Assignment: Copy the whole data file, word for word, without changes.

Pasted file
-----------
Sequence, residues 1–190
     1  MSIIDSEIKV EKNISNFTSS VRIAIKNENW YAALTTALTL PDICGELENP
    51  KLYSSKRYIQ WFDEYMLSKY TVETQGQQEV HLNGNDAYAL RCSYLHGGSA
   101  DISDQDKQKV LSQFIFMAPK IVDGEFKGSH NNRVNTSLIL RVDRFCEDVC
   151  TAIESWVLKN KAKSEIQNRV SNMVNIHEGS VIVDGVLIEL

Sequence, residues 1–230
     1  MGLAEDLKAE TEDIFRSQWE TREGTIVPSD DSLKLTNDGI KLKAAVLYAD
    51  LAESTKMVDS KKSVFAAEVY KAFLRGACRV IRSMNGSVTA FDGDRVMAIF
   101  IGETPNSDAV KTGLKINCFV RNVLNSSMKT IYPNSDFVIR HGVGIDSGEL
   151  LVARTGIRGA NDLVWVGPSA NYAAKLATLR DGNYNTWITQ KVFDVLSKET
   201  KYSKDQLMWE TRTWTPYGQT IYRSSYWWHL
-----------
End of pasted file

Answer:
Sequence, residues 1–190
     1  MSIIDSEIKV EKNISNFTSS VRIAIKNENW YAALTTALTL PDICGELENP
    51  KLYSSKRYIQ WFDEYMLSKY TVETQGQQEV HLNGNDAYAL RCSYLHGGSA
   101  DISDQDKQKV LSQFIFMAPK IVDGEFKGSH NNRVNTSLIL RVDRFCEDVC
   151  TAIESWVLKN KAKSEIQNRV SNMVNIHEGS VIVDGVLIEL

Sequence, residues 1–230
     1  MGLAEDLKAE TEDIFRSQWE TREGTIVPSD DSLKLTNDGI KLKAAVLYAD
    51  LAESTKMVDS KKSVFAAEVY KAFLRGACRV IRSMNGSVTA FDGDRVMAIF
   101  IGETPNSDAV KTGLKINCFV RNVLNSSMKT IYPNSDFVIR HGVGIDSGEL
   151  LVARTGIRGA NDLVWVGPSA NYAAKLATLR DGNYNTWITQ KVFDVLSKET
   201  KYSKDQLMWE TRTWTPYGQT IYRSSYWWHL